This picture was taken during the heart of the most recent 2019/2020 winter in the same place as the Moss Post I made a while back. It’s so cool how everyone in this area leaves the moss formation alone and lets it grow in this way. I love looking at it; the moss looks like tiny islands in the sand, or like grassy hills.
It was much sunnier when I took the more recent pictures!
Last Year (overcast weather):
Taken on a chilly nature walk
I saw this lovely green holly on a nature walk. I believe it is English Holly due to how curved the leaves are.
More of the Elephant Grass. It makes a nice photograph, but I definitely wouldn’t recommend planting it! This is more of an enjoy-what-you-have type of gardening photograph. By the way, the tree in the back is a weeping willow.
The sassafras tree is very interesting, for it produces multiple types of leaves on the same tree. Each leave can have one, two, or three lobes. They are also slightly fuzzy. The roots were an important item for trade between early America and the old world because they made a tasty drink, and the leaves are used in some styles of cooking, though I have no recipes to offer.
This is the seedhead of a very hardy grass that we call elephant grass here. It’s a bit of a pest, in my opinion, because the leaves are sharp (no good for weaving- you’ll cut up your hands) and the roots are so strong it’s impossible to pull up. You’ll only hurt yourself if you try. Perhaps it’s named elephant grass because you’d need the strength of an elephant to move it? It grows about 5 feet tall and provides good privacy and can withstand freezing temperatures, drought, and seasonal flooding and doesn’t take much effort to maintain, but I still don’t like finding seedlings of it in my garden. Even when the plant is small, it is incredibly difficult to pull up. A single plant with just a few blades of the sharp grass takes all my strength to remove.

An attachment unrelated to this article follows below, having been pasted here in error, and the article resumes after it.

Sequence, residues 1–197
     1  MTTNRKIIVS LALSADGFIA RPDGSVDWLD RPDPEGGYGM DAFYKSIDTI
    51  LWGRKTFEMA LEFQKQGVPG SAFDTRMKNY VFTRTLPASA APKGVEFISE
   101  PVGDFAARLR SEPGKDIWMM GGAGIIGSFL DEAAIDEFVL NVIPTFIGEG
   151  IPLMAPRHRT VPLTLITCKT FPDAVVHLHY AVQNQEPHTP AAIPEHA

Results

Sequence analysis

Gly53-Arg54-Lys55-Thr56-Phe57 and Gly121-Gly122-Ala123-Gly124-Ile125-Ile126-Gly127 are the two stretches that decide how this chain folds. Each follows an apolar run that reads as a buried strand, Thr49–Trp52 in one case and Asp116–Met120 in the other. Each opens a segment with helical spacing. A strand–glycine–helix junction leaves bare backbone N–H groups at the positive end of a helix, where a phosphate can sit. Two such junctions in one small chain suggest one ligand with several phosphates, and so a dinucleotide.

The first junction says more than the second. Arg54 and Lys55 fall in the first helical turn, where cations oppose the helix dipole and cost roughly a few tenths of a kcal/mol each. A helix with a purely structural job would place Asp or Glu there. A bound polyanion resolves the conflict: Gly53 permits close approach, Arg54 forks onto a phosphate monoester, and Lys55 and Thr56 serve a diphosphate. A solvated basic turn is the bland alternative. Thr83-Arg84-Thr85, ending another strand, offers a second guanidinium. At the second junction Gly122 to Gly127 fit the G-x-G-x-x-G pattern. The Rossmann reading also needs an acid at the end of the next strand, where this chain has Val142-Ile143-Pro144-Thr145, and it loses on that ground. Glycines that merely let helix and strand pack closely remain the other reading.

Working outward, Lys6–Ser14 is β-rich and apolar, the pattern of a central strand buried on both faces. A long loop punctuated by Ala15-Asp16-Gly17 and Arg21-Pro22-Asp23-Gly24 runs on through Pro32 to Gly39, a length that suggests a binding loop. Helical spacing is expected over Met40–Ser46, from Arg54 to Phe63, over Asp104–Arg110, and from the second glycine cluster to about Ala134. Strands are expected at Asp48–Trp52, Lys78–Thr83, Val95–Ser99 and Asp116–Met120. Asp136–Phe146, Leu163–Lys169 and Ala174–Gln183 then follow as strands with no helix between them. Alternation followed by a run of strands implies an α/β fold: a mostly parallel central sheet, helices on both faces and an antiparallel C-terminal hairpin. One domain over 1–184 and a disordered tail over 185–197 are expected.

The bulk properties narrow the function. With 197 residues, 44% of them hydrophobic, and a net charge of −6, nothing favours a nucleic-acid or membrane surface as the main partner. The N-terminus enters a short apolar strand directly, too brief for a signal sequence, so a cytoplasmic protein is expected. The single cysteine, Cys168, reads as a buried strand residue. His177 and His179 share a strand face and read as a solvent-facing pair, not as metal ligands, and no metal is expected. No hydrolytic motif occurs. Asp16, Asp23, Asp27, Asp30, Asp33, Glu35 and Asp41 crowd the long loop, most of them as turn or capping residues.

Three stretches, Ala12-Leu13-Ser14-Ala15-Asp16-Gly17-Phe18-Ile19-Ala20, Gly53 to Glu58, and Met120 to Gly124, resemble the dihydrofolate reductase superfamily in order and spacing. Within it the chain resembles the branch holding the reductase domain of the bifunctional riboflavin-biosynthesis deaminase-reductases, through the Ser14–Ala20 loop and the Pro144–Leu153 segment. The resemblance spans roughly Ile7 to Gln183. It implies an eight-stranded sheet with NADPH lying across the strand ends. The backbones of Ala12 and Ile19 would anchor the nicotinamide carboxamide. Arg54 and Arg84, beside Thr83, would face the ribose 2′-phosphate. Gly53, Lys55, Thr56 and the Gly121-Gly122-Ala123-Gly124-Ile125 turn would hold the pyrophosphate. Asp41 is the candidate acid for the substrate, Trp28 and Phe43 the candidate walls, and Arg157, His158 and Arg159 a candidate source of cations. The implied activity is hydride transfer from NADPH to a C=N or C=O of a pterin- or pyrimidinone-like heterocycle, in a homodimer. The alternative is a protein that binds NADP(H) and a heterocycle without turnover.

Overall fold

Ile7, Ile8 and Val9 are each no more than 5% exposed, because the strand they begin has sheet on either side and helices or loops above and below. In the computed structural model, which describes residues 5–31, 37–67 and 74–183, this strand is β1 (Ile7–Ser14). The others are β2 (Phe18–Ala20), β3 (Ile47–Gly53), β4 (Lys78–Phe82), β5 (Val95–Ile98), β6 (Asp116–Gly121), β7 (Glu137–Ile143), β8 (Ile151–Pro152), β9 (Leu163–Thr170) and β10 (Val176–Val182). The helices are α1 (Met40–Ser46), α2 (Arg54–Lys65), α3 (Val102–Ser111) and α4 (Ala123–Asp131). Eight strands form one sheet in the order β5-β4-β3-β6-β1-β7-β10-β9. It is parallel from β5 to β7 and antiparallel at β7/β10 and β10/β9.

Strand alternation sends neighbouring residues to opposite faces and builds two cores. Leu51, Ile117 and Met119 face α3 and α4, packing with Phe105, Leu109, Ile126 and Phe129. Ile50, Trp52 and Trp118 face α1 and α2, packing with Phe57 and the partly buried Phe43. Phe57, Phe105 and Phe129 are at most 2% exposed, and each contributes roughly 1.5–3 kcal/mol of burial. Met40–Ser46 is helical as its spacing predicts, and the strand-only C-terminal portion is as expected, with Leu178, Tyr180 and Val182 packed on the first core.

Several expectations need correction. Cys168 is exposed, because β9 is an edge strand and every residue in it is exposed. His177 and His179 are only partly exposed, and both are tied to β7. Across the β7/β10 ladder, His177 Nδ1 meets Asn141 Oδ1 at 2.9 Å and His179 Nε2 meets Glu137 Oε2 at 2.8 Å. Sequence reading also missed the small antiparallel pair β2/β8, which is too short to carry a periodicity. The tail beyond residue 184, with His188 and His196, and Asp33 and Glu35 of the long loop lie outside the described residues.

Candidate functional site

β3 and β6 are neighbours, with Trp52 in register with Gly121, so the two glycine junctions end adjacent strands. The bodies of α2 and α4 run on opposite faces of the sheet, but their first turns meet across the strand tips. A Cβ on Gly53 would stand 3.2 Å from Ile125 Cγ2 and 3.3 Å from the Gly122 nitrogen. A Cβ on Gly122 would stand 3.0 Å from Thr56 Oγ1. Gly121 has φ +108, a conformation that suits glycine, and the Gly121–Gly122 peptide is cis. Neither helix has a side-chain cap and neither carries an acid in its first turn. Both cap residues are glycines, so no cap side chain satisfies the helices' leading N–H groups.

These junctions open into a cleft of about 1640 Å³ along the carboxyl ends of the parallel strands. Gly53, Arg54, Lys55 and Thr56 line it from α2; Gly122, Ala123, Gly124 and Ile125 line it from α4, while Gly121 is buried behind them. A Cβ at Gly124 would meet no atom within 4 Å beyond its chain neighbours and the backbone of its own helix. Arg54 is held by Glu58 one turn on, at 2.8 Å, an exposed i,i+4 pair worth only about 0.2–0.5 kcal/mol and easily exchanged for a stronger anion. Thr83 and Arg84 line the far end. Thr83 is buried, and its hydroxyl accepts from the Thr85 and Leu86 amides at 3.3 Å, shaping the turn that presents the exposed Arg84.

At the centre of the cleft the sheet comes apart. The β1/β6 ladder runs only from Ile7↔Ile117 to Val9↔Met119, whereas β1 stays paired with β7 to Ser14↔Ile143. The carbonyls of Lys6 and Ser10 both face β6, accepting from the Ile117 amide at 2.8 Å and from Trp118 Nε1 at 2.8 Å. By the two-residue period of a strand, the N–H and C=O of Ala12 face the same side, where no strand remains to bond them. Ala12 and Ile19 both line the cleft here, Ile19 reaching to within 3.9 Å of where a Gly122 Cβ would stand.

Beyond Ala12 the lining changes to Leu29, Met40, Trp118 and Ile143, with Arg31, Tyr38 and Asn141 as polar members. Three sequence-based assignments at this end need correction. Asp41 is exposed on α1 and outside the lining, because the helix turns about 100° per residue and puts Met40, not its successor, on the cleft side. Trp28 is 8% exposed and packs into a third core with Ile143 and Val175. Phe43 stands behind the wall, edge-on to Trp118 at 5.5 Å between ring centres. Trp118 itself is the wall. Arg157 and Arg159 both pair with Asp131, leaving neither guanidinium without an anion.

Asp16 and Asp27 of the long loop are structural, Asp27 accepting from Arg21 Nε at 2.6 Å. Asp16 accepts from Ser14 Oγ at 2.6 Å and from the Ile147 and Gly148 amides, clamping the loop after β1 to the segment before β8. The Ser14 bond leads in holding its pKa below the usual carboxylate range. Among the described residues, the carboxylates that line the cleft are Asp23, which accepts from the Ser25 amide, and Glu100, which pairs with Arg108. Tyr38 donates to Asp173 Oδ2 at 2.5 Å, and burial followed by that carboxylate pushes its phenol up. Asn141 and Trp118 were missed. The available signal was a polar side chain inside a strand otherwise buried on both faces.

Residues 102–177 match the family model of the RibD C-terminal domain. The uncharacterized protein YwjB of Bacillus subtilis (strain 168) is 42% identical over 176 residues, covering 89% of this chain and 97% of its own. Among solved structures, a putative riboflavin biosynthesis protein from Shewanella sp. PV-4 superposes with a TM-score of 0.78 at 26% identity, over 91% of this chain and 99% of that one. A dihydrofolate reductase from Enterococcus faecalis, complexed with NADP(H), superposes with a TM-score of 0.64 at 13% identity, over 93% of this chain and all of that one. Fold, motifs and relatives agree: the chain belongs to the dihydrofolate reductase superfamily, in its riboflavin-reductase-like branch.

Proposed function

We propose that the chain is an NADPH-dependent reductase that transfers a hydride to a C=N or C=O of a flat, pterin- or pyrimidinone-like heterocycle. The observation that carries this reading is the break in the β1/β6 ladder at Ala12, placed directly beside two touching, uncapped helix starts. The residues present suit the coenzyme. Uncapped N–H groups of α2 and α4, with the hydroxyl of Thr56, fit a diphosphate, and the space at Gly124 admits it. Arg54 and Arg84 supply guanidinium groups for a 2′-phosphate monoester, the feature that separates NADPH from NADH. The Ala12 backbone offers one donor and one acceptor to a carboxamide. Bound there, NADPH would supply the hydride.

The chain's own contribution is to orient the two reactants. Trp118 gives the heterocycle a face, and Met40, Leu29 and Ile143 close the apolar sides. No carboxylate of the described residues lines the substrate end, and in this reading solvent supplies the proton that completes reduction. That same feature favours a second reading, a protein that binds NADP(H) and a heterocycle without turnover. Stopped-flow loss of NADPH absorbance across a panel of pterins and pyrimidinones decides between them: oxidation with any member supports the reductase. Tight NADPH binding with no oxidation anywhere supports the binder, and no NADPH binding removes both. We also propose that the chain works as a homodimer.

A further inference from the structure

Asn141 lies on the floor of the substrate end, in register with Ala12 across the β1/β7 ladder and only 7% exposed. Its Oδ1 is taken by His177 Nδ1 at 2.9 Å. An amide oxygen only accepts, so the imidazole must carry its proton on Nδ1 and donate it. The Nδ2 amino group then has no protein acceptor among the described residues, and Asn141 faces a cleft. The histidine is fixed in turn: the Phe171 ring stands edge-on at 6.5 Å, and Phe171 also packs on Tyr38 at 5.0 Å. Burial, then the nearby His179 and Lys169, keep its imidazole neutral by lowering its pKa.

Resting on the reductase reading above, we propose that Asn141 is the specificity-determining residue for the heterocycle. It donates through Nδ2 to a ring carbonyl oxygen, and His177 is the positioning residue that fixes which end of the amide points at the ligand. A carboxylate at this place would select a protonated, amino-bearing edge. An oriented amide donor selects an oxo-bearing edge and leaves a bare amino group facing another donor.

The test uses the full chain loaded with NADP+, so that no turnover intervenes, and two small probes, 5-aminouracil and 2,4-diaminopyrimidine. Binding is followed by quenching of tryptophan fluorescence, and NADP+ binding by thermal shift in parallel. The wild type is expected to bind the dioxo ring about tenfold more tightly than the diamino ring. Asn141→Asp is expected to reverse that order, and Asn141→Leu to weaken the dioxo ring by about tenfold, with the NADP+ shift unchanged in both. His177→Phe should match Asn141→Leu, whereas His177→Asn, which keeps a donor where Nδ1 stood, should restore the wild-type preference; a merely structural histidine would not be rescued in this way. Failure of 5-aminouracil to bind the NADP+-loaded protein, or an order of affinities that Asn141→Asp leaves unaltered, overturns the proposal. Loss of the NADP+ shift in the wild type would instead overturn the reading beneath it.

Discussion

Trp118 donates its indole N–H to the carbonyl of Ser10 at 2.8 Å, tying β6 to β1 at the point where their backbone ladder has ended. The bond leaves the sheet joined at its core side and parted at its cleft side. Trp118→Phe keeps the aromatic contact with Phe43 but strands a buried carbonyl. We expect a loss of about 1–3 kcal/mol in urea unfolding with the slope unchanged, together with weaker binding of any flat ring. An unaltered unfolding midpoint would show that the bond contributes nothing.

In the winter, when everything else has died back, it’s rather pretty to look at. I took this photo earlier this month, and since then, a neighbor’s cat has moved into the grass and made it her home, so I don’t disturb that area right now.
Mostly we see large flocks of invasive starlings in winter. Sometimes, though, an occasional hawk or group of vultures passes through. Such was the case during my nature walk early in January. The sky was so blue and cloudless.
My neighbor grows this plant. I’m not really sure what it is. It has a vine sort of structure, creeps along the ground, and has this nice variegated foliage that sticks around even in winter. I guess now I grow it too, for it has escaped my neighbor’s planting and also grows near my doorstep. It’s a nice little plant.
This image is from the winter of 2018/2019, in an area that was both damp and sandy, but didn’t get too much foot traffic. The moss in this place grew in such a fascinating pattern, like little islands. I just had to take a picture of it.
While these photos were taken during the warmer months of last year, the magnolia is still green right now (though the sky is a different shade of blue)!